Most Canadian hospital staff knowingly continue to work while sick with flu or other respiratory illnesses, according to University of Toronto researchers.
Assistant Professor Brenda Coleman (left), an epidemiologist at the Dalla Lana School of Public Health, asked 2,728 workers at nine Canadian hospitals to track their illnesses and sick days over four flu seasons. She and her research team found that 69 per cent worked during an illness.
Many said it was because their symptoms were mild and they felt well enough to function. Others felt they were too busy to take time off, needed the money or felt too guilty to offload work to colleagues.
Those who had the most intensive contact with patients were more likely to keep working.
Coleman, along with Allison McGeer, a professor at the Institute of Health Policy, Management and Evaluation, as well as colleagues from U of T’s Faculty of Medicine, McMaster University and Dalhousie University, recently published their results in the journal Infection Control & Hospital Epidemiology.
Coleman spoke to Dalla Lana’s Heidi Singer about the significance of her findings.
Health-care workers should know better than this – were you surprised by the results of your study?
I’m not surprised, but a little disappointed. We’ve known for years that physicians and other health-care workers come to work when they know they’re ill and can transmit infections. There were British and American studies 20 years ago showing this, but I was hoping the numbers would have decreased. Our results, at least in Canada, are very similar to previous numbers. But today patients are sicker than they were, so it’s sad that we’re putting them at risk.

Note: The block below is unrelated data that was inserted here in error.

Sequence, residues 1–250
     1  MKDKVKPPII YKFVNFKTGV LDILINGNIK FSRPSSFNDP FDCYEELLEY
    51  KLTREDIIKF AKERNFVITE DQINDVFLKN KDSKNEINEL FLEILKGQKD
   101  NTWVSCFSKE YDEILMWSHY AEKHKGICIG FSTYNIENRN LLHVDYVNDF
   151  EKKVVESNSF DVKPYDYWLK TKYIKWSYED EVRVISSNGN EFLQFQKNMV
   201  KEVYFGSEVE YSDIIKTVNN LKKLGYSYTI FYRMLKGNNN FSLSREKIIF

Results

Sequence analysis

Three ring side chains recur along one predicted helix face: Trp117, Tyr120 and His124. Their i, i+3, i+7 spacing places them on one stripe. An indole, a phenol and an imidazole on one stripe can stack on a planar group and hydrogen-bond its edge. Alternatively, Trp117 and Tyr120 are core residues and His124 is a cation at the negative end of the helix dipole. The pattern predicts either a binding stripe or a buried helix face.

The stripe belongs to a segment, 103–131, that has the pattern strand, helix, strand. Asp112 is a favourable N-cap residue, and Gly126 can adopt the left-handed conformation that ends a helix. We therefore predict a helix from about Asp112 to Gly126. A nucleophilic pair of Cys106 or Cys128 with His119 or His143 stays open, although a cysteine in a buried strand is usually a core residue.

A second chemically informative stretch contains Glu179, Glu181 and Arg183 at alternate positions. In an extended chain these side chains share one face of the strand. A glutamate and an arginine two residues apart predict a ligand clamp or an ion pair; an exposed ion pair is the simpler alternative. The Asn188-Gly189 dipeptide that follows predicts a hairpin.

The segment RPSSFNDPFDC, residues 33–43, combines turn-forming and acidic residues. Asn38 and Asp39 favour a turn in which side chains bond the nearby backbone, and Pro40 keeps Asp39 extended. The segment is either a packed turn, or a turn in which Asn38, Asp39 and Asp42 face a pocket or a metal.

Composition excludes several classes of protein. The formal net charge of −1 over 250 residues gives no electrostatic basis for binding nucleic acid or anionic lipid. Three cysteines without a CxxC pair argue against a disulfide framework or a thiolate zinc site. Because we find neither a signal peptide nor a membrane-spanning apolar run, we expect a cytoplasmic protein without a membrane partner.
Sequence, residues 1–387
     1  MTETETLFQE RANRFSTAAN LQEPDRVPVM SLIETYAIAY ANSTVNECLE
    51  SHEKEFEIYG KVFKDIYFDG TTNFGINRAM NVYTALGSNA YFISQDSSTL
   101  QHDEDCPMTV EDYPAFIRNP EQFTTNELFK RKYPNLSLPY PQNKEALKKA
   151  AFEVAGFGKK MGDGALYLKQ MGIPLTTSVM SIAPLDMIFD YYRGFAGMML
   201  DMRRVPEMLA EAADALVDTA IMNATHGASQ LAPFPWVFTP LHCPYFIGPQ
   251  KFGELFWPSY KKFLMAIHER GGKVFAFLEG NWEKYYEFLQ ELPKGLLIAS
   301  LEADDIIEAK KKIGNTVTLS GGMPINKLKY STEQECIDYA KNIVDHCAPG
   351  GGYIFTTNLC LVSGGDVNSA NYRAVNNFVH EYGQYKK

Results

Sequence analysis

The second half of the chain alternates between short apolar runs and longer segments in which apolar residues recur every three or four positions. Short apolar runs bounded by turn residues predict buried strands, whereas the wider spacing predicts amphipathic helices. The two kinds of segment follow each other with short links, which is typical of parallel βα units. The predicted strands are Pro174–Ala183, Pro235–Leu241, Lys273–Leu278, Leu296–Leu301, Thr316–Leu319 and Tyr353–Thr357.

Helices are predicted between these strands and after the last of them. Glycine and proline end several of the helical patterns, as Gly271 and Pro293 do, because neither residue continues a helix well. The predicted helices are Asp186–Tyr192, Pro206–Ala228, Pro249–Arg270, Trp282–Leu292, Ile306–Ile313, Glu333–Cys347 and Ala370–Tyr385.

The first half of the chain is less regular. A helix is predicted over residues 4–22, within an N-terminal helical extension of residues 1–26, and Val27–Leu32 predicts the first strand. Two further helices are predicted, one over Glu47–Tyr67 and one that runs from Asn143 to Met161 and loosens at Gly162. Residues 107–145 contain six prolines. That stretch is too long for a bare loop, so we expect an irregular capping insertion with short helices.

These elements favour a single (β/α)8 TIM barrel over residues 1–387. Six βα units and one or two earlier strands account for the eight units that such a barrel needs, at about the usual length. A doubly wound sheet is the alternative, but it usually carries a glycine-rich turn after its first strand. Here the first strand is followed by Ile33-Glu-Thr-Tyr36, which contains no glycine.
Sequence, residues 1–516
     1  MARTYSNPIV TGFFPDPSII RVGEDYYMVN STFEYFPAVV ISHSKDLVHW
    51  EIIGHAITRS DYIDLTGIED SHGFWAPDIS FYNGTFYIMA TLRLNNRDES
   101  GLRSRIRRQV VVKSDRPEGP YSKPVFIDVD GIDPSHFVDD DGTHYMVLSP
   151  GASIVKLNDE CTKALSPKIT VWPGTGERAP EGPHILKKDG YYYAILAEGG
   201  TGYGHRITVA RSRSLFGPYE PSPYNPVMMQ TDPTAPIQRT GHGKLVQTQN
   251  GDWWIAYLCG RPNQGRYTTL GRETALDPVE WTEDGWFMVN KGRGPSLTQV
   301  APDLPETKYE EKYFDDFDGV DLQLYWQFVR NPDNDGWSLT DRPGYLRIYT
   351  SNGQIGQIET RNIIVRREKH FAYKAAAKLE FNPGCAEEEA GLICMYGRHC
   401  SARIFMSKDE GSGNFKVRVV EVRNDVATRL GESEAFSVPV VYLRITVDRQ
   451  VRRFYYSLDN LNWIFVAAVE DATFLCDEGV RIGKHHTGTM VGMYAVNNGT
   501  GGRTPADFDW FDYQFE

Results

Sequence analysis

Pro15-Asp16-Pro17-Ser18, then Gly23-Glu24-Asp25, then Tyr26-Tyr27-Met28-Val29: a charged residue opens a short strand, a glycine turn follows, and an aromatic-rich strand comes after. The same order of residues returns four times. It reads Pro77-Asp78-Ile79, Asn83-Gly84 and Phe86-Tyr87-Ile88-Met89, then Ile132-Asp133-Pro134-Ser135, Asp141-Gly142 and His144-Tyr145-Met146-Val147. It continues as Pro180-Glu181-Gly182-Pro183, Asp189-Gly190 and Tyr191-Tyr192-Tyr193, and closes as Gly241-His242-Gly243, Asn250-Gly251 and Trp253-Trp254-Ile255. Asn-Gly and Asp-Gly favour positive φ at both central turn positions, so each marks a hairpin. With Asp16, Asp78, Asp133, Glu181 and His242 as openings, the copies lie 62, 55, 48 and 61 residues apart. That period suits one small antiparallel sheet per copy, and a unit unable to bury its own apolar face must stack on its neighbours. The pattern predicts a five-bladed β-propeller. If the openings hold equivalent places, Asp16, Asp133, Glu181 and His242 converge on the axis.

Why won’t they take time off?
A lot of it is a sense of obligation. They’re worried about letting co-workers down and increasing other people’s workloads. If they don’t show up, another staff member has to take over at short notice.
But there’s also a lack of cohesion in the medical community around who’s too ill to work; policies vary from hospital to hospital. More importantly, there’s a lot of variety in how well the managers and infection control people enforce existing policies. And there’s not yet a good indicator of what symptoms, or how severe they are, indicate the probability of transmission. I think the whole health-care community needs to get on the same page on what symptoms should keep a worker home. And this will likely have to start at the hospital-level since it needs to be enforced at the hospital-level.
In fairness, it must be hard to call in sick during flu season, when hospitals are slammed. And don’t hospital workers get sick a lot?
It is tough. Also, when physicians have clinic days, they would have to reschedule everyone. But they don’t get sick a lot – they’re amazingly resilient. They know they’re at high risk so they’re diligent about wearing face masks, cleaning their hands and getting vaccinated. Although almost 95 per cent of people we surveyed worked at least one day while symptomatic, they were only sick for two work days per flu season.
So what’s the solution?
Just bite the bullet and call in sick. People will understand and adapt. I think if everyone does it, scheduling will follow suit. Taking two additional sick days will not bring a hospital to its knees, but if you bring a viral illness to a transplant patient or a baby, it could be fatal. Plus, passing along a viral illness extends patients’ length of hospital stay and causes illnesses in co-workers, so it’s costing the health-care system as well.
I also think we need a shift in peer pressure. Instead of feeling the pressure to come in sick, the pressure should be to not come in sick and potentially infect everyone around you.